Colorado’s Hunting And Fishing License Revenue Took A Big Leap Last Year

January 7, 2020
USGS biologist Andrew Todd holds a brook trout pulled out of Sand Creek in the Great Sand Dunes Park and Preserve. Brook trout and other non-native species in the watershed will likely be killed off by Colorado Parks and Wildlife.USGS biologist Andrew Todd holds a brook trout pulled out of Sand Creek in the Great Sand Dunes Park and Preserve. Brook trout and other non-native species in the watershed will likely be killed off by Colorado Parks and Wildlife.Nathaniel Minor/CPR News
An increase in fees for hunting and fishing licenses brought more revenue to the state last year.

Revenue from hunting and fishing licenses in Colorado rose nearly 20 percent last fiscal year, due in large part to recent fee increases.

In total, the state made $96,269,926 on the licenses from 2018 to 2019, according to Colorado Parks and Wildlife.

In 2018, state lawmakers passed the Hunting, Fishing and Parks for Future Generations Act, which paved the way for the CPW Commission to approve increases on license fees.

“That’s something we hadn’t been able to do because of state statute for quite a few years, and we were beginning to see a real backlog in our needs,” spokesman Travis Duncan said.

As part of the law, officials outlined 10 ways to use the new money.

“For instance, infrastructure and dam maintenance, making sure we have restroom facilities taken care of, all these things,” Duncan said.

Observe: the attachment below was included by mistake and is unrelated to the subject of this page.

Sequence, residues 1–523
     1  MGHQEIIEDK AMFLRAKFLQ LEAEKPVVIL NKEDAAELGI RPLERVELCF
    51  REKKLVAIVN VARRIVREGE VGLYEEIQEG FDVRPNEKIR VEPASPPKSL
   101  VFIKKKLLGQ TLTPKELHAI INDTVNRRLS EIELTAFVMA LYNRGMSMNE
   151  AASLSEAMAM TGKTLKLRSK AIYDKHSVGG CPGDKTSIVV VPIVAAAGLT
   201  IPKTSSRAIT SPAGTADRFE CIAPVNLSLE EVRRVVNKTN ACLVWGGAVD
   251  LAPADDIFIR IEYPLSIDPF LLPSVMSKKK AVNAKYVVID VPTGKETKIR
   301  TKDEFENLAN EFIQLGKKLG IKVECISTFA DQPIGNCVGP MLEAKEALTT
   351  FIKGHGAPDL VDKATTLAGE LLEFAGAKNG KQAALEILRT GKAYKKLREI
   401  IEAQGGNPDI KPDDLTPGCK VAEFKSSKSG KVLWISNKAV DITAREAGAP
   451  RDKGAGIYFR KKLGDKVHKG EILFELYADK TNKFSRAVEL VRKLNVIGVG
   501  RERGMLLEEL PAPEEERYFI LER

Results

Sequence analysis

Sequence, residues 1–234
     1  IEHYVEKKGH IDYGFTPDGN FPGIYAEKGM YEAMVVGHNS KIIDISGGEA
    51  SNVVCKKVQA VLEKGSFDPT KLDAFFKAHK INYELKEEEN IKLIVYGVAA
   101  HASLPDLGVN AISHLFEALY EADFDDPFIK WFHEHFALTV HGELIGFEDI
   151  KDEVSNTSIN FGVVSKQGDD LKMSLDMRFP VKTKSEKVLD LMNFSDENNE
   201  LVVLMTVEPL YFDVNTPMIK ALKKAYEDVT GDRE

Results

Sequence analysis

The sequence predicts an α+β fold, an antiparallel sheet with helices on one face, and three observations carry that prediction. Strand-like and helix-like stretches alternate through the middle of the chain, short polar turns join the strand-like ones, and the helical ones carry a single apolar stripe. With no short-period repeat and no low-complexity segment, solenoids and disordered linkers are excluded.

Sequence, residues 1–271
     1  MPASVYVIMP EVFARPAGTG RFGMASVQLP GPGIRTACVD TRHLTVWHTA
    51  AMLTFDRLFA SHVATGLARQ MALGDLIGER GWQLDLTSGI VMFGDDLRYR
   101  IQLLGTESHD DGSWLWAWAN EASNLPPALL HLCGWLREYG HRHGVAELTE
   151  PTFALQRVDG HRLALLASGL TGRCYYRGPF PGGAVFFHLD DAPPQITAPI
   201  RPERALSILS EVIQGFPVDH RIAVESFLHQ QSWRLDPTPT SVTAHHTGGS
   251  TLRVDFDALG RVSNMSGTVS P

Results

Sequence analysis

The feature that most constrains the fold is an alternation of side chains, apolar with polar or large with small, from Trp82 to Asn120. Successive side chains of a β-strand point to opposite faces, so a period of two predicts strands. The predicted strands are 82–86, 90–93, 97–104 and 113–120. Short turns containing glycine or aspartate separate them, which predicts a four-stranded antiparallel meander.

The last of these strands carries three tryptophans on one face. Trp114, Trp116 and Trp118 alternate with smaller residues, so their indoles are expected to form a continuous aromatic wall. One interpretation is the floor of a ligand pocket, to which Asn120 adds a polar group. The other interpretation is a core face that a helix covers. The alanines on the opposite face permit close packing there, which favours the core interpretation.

The extra revenue will also help hire more employees and better protect wildlife.

Another reason for the bump in sales is a qualifying license that hunters must now buy in order to apply for a big game hunting license (think bear, elk and moose). The new system is modeled after those in other states, Duncan said.

In the past, hunters could enter drawings for a very limited number of big game licenses based only on what’s known as “preference points” that they accumulated.

“A lot of folks have that dream hunt that requires a certain number of preference points for them to really have a shot at drawing that license they want to get,” Duncan said. “So year after year, they just put in for that preference point, but did not actually purchase a hunting license.”

Qualifying licenses include small game licenses, combo licenses for fishing and small game, and spring turkey licenses. On top of their preference points, hunters must now also purchase one of those licenses to be eligible for drawings to earn a big game license. The odds of getting many of those tags are less than one percent.

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